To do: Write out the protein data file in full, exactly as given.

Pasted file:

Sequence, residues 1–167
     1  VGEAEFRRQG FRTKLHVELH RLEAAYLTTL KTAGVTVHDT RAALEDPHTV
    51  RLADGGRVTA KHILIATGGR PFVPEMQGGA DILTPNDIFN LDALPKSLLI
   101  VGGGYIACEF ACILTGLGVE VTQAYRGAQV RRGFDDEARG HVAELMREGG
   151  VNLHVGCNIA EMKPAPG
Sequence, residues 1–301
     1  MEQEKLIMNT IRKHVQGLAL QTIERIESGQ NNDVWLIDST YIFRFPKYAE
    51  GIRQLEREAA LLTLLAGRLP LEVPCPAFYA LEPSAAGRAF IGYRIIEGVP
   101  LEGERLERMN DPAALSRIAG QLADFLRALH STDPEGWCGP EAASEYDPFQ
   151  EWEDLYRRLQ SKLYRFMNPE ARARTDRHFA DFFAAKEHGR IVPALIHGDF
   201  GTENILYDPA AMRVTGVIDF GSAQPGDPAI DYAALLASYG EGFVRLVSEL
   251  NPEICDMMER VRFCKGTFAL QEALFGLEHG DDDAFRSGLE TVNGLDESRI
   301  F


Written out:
Sequence, residues 1–167
     1  VGEAEFRRQG FRTKLHVELH RLEAAYLTTL KTAGVTVHDT RAALEDPHTV
    51  RLADGGRVTA KHILIATGGR PFVPEMQGGA DILTPNDIFN LDALPKSLLI
   101  VGGGYIACEF ACILTGLGVE VTQAYRGAQV RRGFDDEARG HVAELMREGG
   151  VNLHVGCNIA EMKPAPG
Sequence, residues 1–301
     1  MEQEKLIMNT IRKHVQGLAL QTIERIESGQ NNDVWLIDST YIFRFPKYAE
    51  GIRQLEREAA LLTLLAGRLP LEVPCPAFYA LEPSAAGRAF IGYRIIEGVP
   101  LEGERLERMN DPAALSRIAG QLADFLRALH STDPEGWCGP EAASEYDPFQ
   151  EWEDLYRRLQ SKLYRFMNPE ARARTDRHFA DFFAAKEHGR IVPALIHGDF
   201  GTENILYDPA AMRVTGVIDF GSAQPGDPAI DYAALLASYG EGFVRLVSEL
   251  NPEICDMMER VRFCKGTFAL QEALFGLEHG DDDAFRSGLE TVNGLDESRI
   301  F